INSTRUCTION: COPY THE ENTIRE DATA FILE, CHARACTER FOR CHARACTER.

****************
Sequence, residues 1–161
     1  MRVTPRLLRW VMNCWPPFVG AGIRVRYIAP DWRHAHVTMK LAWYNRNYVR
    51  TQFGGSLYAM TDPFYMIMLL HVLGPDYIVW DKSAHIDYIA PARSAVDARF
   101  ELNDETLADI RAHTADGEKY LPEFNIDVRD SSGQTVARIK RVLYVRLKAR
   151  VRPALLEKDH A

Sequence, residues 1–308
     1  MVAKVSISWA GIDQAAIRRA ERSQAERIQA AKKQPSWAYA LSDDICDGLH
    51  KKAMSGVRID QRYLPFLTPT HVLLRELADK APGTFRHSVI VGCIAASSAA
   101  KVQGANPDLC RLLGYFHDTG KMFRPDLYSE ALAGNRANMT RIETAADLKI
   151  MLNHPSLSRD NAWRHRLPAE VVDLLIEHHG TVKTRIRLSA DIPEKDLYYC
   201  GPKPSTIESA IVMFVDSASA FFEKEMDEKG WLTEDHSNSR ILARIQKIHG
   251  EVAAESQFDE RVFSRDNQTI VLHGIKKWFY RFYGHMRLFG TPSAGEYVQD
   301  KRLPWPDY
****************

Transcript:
Sequence, residues 1–161
     1  MRVTPRLLRW VMNCWPPFVG AGIRVRYIAP DWRHAHVTMK LAWYNRNYVR
    51  TQFGGSLYAM TDPFYMIMLL HVLGPDYIVW DKSAHIDYIA PARSAVDARF
   101  ELNDETLADI RAHTADGEKY LPEFNIDVRD SSGQTVARIK RVLYVRLKAR
   151  VRPALLEKDH A

Sequence, residues 1–308
     1  MVAKVSISWA GIDQAAIRRA ERSQAERIQA AKKQPSWAYA LSDDICDGLH
    51  KKAMSGVRID QRYLPFLTPT HVLLRELADK APGTFRHSVI VGCIAASSAA
   101  KVQGANPDLC RLLGYFHDTG KMFRPDLYSE ALAGNRANMT RIETAADLKI
   151  MLNHPSLSRD NAWRHRLPAE VVDLLIEHHG TVKTRIRLSA DIPEKDLYYC
   201  GPKPSTIESA IVMFVDSASA FFEKEMDEKG WLTEDHSNSR ILARIQKIHG
   251  EVAAESQFDE RVFSRDNQTI VLHGIKKWFY RFYGHMRLFG TPSAGEYVQD
   301  KRLPWPDY